I recently got a call from a college roommate asking for assistance with his college graduate son who was jobless and living back home with his parents. No job, no resume, no career-related work experience, and clueless on his future.
Our guidance and career development profession is rapidly approaching a crossroads of critical concern. Especially as we attempt to retool jobless adults and encourage students and their parents to prepare for the task of being employed, self-sufficient, and passionately engaged in a challenging global workforce. While we in guidance and career development love to use the mantra that “we make a difference,” the task on “making a difference” needs timely reexamination in the 21st century.
First, how do we work with parents and family members who lack knowledge of career development, which results their child(ren) being saddled with student loan debt, lacking high demand skills, and completely unaware of the realities of the workforce? Parents harboring career development myths can mistakenly persuade children to avoid community college options and military career pathways. They can push their children to focus no further than entrance into the “right university” with the “right major” as THE magic ticket to lifelong success. We must explore ways to open the minds of parents (who graduated from college decades ago) to appreciate a skilled career guidance approach. We must show them the critical advantages wrought by internships and techniques to encourage their child to develop a passion for lifelong learning and academic and career planning instead of short term thinking.
Second, we have to be attuned to legislative issues and funding initiatives that affect our ability to program career guidance in our schools. Within the next year or so, the reauthorization of the Carl D. Perkins Act, the Workforce Development Act, and the Elementary and Secondary Education Act will determine the future of guidance. Can we empirically prove that counselors and career specialists longitudinally track outcomes of guidance and career development? Can we correlate our work with our schools’ improvement plans, workforce development, and school report cards? Do we ally ourselves with teachers, administrators, school boards, and community leaders to understand guidance? Does accountability frighten us as guidance leaders or do we see it as a chance to parade our successes before our stakeholders? This year’s programming at ACTE will look extensively into exactly this all-important concept: guidance accountability.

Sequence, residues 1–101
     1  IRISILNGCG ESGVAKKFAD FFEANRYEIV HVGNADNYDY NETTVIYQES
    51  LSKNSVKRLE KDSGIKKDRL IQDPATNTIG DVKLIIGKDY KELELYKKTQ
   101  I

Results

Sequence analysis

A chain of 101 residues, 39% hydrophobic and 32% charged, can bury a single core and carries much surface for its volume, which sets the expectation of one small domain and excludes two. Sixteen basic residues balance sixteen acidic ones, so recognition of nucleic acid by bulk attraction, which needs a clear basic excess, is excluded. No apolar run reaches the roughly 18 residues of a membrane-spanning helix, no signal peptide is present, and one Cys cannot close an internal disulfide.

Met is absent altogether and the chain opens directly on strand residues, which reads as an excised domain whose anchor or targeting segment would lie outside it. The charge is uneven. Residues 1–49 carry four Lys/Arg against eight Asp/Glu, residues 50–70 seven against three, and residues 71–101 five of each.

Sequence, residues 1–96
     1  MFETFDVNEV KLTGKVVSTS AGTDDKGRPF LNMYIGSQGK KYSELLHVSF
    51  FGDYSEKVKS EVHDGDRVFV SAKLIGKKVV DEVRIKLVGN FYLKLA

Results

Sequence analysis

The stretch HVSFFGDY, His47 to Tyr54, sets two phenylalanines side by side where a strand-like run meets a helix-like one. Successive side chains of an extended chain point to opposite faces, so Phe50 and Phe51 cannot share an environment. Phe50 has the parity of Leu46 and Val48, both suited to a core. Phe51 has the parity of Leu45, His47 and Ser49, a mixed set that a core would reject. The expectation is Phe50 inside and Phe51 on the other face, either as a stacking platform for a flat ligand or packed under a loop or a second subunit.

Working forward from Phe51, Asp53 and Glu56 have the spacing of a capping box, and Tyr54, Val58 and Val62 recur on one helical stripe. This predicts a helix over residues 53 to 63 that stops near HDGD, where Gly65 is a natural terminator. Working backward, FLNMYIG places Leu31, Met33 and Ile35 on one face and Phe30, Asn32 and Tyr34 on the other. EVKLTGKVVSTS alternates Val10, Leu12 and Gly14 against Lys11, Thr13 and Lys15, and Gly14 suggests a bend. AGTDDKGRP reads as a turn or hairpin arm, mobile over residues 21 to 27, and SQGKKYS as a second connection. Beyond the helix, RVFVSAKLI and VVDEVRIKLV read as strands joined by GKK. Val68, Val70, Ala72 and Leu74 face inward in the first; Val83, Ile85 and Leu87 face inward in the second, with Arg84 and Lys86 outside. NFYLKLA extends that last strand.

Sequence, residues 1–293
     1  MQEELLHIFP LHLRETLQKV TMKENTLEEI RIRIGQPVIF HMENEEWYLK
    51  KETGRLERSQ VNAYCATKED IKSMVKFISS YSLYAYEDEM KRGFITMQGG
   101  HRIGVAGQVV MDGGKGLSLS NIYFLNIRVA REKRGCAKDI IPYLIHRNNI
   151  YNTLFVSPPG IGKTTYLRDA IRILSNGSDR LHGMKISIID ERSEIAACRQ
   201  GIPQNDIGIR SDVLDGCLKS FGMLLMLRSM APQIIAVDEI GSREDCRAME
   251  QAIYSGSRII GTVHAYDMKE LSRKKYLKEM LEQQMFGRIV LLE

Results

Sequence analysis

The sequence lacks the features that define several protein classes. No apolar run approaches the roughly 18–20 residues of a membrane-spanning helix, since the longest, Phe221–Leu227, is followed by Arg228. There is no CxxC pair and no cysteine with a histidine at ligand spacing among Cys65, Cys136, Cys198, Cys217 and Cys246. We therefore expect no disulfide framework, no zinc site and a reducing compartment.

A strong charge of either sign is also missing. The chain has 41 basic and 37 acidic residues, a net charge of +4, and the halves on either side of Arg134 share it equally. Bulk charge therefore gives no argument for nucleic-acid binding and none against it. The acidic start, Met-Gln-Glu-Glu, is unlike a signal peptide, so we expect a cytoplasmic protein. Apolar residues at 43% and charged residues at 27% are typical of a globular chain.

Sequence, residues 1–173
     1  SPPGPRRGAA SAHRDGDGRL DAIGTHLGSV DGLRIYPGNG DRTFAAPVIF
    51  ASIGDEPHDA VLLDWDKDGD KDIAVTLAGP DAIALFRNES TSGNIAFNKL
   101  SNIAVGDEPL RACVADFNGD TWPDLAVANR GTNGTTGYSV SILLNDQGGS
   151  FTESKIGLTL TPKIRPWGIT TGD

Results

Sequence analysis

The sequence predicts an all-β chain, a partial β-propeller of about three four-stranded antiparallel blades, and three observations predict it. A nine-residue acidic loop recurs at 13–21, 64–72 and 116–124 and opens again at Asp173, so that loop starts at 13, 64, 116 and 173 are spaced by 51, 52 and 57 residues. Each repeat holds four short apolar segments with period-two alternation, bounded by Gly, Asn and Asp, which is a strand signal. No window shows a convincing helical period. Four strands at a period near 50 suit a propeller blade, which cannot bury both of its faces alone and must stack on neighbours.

Finally, how do we view community involvement? We must link our curricula to our country’s workforce needs and economic development. Business and industry input is critical for course standard development. Every career pathway and CTE course needs input from community leaders on standards, course design, project-related learning, and work-based learning. Guidance professionals must extend the hand of collaboration to the business sector to help us develop job shadowing, internships, mentoring, and educators in industry opportunities. The landmark 2005 Education and Economic Development Act would never have opened a cornucopia of guidance opportunities in South Carolina without the active craftsmanship of business and industry leaders.
Measuring guidance effectiveness takes time. Success does not come overnight, nor without all stakeholders at the table working together to teach the next generation “the art of career management.” Let’s ensure that the next eighteen months or so sees our profession building bridges that enhance realistic guidance awareness and preparing our students and nation for the challenges of international workforce competition.
ABOUT RAY DAVIS, Ph.D, LPC, NCC, CFDI
Ray has been the Education Associate for Career Guidance in the Office of Career and Technology Education in the South Carolina Department of Education since 2000. He is the current Vice-President of ACTE’s Guidance and Career Development Division. Ray worked from 1985-2000 at the University Career Center at the University of South Carolina-Columbia as assistant director. He has been the professor of record for over 450 GCDF-certified completers in his state. He directed the writing of the standards-based South Carolina Career Guidance Model. Ray served on the National Career Development Guidelines Rewriting Committee with the US Department of Education, where he served a IPA in the Office of Vocational and Adult Education in 2008. He also served on the States’ Career Cluster Initiative contributing to the establishment of the national Business, Management, and Administration career cluster.
You can learn more about Ray and his involvement at the Association for Career and Technical Education (ACTE) at their website.